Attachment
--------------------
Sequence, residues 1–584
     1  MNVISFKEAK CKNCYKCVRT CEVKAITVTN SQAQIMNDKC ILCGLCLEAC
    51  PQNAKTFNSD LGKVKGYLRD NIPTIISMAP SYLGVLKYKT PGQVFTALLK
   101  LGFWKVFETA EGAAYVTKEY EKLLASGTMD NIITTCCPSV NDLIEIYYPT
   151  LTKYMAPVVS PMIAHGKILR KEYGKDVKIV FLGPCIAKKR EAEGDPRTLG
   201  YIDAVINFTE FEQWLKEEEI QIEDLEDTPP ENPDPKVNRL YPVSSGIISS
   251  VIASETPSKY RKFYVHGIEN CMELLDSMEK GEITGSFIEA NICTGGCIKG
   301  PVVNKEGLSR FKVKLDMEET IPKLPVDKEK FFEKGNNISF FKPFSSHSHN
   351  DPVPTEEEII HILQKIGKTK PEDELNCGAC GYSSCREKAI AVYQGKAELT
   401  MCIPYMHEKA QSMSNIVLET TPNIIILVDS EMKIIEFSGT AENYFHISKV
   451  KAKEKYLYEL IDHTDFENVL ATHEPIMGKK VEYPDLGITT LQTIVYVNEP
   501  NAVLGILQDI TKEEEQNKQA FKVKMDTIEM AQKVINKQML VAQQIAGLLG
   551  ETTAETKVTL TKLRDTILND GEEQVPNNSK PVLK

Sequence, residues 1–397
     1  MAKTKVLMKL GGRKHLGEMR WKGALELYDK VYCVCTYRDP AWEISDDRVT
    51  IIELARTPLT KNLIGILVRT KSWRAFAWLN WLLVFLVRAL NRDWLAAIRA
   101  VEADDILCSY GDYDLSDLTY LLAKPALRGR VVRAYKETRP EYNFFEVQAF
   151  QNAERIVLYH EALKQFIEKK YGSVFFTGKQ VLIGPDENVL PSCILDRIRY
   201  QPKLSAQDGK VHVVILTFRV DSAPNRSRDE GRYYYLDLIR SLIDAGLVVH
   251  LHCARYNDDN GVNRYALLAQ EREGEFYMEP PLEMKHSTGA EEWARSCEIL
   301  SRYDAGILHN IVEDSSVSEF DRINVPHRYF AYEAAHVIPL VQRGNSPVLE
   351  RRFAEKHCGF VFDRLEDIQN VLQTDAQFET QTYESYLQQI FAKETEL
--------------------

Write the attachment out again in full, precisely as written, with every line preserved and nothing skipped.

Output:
Sequence, residues 1–584
     1  MNVISFKEAK CKNCYKCVRT CEVKAITVTN SQAQIMNDKC ILCGLCLEAC
    51  PQNAKTFNSD LGKVKGYLRD NIPTIISMAP SYLGVLKYKT PGQVFTALLK
   101  LGFWKVFETA EGAAYVTKEY EKLLASGTMD NIITTCCPSV NDLIEIYYPT
   151  LTKYMAPVVS PMIAHGKILR KEYGKDVKIV FLGPCIAKKR EAEGDPRTLG
   201  YIDAVINFTE FEQWLKEEEI QIEDLEDTPP ENPDPKVNRL YPVSSGIISS
   251  VIASETPSKY RKFYVHGIEN CMELLDSMEK GEITGSFIEA NICTGGCIKG
   301  PVVNKEGLSR FKVKLDMEET IPKLPVDKEK FFEKGNNISF FKPFSSHSHN
   351  DPVPTEEEII HILQKIGKTK PEDELNCGAC GYSSCREKAI AVYQGKAELT
   401  MCIPYMHEKA QSMSNIVLET TPNIIILVDS EMKIIEFSGT AENYFHISKV
   451  KAKEKYLYEL IDHTDFENVL ATHEPIMGKK VEYPDLGITT LQTIVYVNEP
   501  NAVLGILQDI TKEEEQNKQA FKVKMDTIEM AQKVINKQML VAQQIAGLLG
   551  ETTAETKVTL TKLRDTILND GEEQVPNNSK PVLK

Sequence, residues 1–397
     1  MAKTKVLMKL GGRKHLGEMR WKGALELYDK VYCVCTYRDP AWEISDDRVT
    51  IIELARTPLT KNLIGILVRT KSWRAFAWLN WLLVFLVRAL NRDWLAAIRA
   101  VEADDILCSY GDYDLSDLTY LLAKPALRGR VVRAYKETRP EYNFFEVQAF
   151  QNAERIVLYH EALKQFIEKK YGSVFFTGKQ VLIGPDENVL PSCILDRIRY
   201  QPKLSAQDGK VHVVILTFRV DSAPNRSRDE GRYYYLDLIR SLIDAGLVVH
   251  LHCARYNDDN GVNRYALLAQ EREGEFYMEP PLEMKHSTGA EEWARSCEIL
   301  SRYDAGILHN IVEDSSVSEF DRINVPHRYF AYEAAHVIPL VQRGNSPVLE
   351  RRFAEKHCGF VFDRLEDIQN VLQTDAQFET QTYESYLQQI FAKETEL